ALBANY, N.Y. (NEWS10) – A crude oil train that derailed in West Virginia has once again raised concerns in Albany County.
The West Virginia train derailment has the same Bakken crude oil in the same type of rail cars that comes through Albany County. The Port of Albany has become a hub.
“We’re dancing with the devil,” Albany County Executive Dan McCoy said. “And it’s a matter of time, and I’m not trying to scare anybody.”
The Ezra Prentice Homes, a low income housing project, is located right next to the tracks. Residents live in fear every day.
“My kids play out here,” Ashley Taylor said. “And their friends play out as well. So I’m a little more concerned, and it raises my eyebrow to probably, maybe, I should move and not be so close to the trains.”
Even her nine-year-old son fears the trains.
“The loud noise comes out of nowhere every time we’re back there playing a game,” Max Boettner said. “And everybody falls, and then they’re scared.”
In recent years, state and local officials have come together. They’re calling on federal authorities to adopt tougher safety regulations.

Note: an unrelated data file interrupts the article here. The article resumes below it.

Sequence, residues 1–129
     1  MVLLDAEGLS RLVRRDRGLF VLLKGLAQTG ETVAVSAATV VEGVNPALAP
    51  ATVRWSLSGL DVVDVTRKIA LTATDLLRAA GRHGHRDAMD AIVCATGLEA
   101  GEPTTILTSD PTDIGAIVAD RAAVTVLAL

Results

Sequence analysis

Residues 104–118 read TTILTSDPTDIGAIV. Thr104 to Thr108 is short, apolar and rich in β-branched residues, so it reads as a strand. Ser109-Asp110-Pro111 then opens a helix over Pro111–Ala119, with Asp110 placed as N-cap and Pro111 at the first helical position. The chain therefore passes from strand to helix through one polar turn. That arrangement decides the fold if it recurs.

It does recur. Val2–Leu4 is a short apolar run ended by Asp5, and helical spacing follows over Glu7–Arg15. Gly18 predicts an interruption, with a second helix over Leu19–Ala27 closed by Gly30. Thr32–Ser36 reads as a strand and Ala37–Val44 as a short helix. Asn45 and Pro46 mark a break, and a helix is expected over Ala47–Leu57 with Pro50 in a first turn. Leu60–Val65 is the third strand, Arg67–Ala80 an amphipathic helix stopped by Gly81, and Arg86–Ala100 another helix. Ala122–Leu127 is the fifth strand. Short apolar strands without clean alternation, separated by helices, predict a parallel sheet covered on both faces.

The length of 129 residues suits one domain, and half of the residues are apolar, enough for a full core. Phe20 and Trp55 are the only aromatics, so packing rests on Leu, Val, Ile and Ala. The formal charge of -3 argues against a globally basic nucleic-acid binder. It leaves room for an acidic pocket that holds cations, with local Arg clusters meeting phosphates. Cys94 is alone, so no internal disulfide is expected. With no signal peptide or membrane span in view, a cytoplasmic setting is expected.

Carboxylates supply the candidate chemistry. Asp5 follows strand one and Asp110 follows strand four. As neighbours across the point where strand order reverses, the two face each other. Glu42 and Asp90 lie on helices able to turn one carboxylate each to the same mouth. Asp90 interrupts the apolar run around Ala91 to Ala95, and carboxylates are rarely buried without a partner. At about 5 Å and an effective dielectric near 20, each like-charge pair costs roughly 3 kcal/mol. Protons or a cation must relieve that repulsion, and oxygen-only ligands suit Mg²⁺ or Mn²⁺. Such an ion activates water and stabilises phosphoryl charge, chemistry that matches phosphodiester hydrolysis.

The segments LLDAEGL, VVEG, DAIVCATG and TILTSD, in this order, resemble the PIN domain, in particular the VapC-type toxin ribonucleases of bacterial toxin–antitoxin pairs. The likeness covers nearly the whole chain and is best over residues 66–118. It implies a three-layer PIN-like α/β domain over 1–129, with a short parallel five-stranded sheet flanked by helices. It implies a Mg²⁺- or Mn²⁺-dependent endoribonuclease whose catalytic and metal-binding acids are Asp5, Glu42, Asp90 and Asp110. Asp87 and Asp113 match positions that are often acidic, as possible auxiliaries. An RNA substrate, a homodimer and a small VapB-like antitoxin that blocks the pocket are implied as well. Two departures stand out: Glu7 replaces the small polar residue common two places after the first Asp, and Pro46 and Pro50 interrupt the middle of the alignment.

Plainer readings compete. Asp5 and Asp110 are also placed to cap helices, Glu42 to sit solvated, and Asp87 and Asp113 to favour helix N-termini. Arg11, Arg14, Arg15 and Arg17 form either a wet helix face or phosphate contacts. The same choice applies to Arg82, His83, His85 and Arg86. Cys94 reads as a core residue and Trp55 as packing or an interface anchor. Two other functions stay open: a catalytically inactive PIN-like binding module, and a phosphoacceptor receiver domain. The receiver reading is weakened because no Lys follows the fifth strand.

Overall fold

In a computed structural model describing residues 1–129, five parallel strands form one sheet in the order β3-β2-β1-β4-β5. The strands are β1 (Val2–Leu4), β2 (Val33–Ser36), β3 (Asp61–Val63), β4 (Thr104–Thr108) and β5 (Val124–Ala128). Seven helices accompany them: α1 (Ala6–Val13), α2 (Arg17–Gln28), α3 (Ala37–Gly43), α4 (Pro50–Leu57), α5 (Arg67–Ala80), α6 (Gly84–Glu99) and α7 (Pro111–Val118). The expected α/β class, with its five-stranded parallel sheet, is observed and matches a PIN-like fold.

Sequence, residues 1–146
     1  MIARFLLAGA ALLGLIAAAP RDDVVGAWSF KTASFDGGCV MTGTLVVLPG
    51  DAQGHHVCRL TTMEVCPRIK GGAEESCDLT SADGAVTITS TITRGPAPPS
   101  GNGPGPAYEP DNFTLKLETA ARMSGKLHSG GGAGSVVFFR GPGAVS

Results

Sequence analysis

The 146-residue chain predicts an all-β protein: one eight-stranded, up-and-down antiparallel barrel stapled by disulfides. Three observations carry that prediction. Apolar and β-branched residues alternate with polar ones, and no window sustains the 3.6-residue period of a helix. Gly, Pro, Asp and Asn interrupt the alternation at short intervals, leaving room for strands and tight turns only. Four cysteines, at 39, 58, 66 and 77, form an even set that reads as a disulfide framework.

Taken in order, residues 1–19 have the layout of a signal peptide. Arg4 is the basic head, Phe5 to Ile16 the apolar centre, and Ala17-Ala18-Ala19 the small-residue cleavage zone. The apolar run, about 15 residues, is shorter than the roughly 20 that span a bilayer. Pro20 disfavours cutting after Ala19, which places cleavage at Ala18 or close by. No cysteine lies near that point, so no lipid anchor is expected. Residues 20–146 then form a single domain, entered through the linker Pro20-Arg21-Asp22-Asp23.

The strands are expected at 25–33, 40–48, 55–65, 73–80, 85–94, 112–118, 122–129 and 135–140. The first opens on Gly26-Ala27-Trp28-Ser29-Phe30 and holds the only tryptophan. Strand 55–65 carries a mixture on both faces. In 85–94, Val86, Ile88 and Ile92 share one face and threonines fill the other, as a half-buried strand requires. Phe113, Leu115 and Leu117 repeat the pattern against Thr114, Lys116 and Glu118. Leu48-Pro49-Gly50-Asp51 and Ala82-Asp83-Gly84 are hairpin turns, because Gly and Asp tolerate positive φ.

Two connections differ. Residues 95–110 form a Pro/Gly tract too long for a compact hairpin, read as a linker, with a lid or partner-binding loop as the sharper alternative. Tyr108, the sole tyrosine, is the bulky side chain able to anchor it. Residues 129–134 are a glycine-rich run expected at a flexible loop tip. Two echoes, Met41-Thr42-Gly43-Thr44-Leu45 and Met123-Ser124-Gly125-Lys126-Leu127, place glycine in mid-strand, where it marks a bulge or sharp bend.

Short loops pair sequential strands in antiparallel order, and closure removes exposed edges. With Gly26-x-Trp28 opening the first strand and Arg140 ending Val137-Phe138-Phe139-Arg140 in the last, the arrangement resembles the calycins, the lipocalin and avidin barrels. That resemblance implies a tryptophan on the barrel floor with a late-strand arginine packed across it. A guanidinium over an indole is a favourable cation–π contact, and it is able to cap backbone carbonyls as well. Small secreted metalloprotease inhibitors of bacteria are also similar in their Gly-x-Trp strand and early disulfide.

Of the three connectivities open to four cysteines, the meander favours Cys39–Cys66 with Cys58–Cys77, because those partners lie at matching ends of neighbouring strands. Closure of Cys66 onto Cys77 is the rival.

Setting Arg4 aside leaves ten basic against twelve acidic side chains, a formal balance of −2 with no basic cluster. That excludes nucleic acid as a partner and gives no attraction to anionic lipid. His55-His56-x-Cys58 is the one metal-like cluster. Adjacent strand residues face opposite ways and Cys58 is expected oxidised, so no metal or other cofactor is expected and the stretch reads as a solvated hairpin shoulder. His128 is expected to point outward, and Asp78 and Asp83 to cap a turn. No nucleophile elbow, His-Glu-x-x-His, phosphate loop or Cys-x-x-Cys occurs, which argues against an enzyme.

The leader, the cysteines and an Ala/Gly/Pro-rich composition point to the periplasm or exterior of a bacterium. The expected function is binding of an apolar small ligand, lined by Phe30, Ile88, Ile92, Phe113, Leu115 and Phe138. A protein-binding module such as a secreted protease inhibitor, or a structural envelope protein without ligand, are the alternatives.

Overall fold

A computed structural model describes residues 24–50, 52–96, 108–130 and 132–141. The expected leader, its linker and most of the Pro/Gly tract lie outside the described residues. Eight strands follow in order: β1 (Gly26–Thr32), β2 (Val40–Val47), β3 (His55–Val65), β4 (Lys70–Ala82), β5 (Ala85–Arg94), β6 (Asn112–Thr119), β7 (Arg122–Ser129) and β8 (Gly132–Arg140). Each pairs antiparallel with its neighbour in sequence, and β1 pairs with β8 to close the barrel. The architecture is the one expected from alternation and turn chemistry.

“It’s alarming. This is what I’ve been talking about when I say the fight – it’s not over with,” Albany County Executive Dan McCoy said. “It’s part of the State of the County tonight. Because it’s these DOT 111s that are outdated; that the federal government agrees they need to change out, but they’re talking 2018, 2020. You have a new Congress. You have a new senate. So that means things will be pushed back even further.”
McCoy will talk about reducing train speeds and possibly reducing the number of train cars and more training for first responders in his State of the County address.
State officials released a statement on Tuesday calling for federal authorities to act.
It states: “These proposed regulations – requiring rail cars to be retrofitted with reinforced steel plates and advanced brake systems – will better protect our communities.”
CSX train company operates the train that derailed in West Virginia as well as the trains that run through Albany. The company said in a statement: “What we learn from the accident investigation in West Virginia will be applied to making the transportation of crude oil and all freight as safe as possible.”
McCoy said he’s considering adding onto a fence that’s already in place at the Ezra Prentice Homes.
“These housing projects were built around these track areas,” he said. “So what do we do? Put fire walls up; fencing up. Something to give that barrier. We don’t want to give people a false sense of security but give them a little bit of a wall.”
Taylor has a mixed reaction to the proposed structure.
“It would stop the train from coming through to our side, but it wouldn’t stop the chemicals that would be leaking out and wouldn’t stop us from breathing it in,” she said.
McCoy said he’s working with CSX to determine who would pay for it.